According to Sam Amick of The Athletic, "Sources say Boston's level of interest and involvement far surpassed what Ainge was willing to admit to when he addressed it publicly."
"We had numerous talks, but the price really wasn't changing. The price was really high for us. It was just something we didn't want to do," Ainge said (h/t Darren Hartwell of NBC Sports). "Even the people within our organization that respected him and wanted him more—I think unanimously we decided it wasn't the time for us and it wasn't the price."
Chris Mannix of Sports Illustrated also reported the Celtics didn't want any deal that included Jaylen Brown.
Boston likely doesn't regret holding on to Brown as the guard continues to improve, earning his first All-Star selection this season with averages of 24.7 points, 5.6 rebounds and 3.9 assists per game.
The Celtics still haven't reached expectations this year, sitting under .500 until a four-game winning streak got them to 19-17 at the All-Star break. If Boston could have figured out a deal, Harden would have certainly made a positive impact after winning the last three scoring titles entering this year.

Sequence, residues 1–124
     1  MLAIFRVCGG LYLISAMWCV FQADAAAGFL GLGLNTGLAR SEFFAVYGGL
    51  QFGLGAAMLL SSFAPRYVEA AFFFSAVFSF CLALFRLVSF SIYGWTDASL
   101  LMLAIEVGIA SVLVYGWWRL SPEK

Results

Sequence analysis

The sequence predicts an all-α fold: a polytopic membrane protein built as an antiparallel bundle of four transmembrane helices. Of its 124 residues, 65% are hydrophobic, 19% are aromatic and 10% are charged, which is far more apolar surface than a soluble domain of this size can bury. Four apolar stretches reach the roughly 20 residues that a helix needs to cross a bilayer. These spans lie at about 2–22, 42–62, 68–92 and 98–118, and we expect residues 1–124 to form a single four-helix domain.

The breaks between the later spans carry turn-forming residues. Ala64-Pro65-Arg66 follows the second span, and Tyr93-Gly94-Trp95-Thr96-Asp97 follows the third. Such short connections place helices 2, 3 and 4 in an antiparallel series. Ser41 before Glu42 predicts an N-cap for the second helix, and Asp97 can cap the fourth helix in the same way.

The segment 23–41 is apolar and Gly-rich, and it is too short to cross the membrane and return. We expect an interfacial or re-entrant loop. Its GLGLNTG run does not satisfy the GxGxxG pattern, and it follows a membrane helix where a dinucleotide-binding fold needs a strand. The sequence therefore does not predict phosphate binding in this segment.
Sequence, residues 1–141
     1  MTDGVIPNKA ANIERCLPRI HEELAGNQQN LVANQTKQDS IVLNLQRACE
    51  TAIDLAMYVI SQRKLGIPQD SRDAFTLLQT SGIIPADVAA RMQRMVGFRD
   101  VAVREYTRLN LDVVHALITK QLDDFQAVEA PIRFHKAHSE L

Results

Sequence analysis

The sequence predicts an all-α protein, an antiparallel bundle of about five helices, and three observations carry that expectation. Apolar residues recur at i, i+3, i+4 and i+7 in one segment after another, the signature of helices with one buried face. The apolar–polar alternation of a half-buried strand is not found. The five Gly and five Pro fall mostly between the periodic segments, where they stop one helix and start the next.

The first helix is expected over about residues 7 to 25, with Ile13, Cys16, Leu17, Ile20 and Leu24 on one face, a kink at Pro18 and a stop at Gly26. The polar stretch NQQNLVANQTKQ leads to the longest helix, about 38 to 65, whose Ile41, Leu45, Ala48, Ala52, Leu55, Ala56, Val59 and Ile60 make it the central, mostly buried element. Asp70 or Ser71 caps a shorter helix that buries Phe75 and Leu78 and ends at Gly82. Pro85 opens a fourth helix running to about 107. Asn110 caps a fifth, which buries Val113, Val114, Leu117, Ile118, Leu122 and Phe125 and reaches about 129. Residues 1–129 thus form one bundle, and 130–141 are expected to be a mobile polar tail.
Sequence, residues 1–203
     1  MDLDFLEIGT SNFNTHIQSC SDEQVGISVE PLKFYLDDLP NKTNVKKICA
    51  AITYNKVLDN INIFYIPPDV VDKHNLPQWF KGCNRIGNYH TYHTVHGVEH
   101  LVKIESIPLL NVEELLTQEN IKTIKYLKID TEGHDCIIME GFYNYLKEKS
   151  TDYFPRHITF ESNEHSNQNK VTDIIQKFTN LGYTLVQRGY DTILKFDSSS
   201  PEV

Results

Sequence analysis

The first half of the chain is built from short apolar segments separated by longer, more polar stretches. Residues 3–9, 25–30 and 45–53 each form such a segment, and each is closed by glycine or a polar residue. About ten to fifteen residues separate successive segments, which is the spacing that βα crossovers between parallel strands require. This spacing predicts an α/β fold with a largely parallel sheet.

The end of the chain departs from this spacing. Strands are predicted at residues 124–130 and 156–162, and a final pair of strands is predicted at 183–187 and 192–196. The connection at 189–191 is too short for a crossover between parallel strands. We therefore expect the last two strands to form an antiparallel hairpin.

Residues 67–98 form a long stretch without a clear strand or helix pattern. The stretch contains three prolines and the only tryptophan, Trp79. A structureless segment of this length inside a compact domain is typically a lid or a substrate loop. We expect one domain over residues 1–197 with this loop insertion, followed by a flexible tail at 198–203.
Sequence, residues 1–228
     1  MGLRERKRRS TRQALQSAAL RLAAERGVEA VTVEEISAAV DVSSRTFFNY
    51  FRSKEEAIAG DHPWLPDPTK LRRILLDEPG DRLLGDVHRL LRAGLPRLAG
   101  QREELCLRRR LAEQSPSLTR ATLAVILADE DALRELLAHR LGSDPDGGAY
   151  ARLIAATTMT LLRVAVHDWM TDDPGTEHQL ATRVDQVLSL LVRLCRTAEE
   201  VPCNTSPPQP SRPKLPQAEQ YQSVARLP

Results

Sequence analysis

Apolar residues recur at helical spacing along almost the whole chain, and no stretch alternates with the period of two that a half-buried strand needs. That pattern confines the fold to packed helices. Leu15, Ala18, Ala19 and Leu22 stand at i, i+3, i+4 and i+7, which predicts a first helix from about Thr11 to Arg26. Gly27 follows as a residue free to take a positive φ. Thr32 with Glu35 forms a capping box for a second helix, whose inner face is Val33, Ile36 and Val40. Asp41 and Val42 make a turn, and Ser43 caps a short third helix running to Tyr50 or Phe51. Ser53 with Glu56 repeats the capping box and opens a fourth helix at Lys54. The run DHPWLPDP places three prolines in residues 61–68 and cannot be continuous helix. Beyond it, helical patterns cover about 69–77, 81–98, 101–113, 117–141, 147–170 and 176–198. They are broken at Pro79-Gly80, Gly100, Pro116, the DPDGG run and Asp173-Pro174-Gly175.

Despite question marks about sharing the ball with other scorers, the nine-time All-Star has settled into his role with the Nets while averaging an efficient 25.5 points per game in 23 appearances. His 49.7 field-goal percentage and 42.2 three-point percentage would both be career highs over a full season.
Brooklyn is also now 4.5 games ahead of the Celtics in the standings.
Amick's report indicates Boston knew what Harden could bring and tried to swing a deal but simply fell short.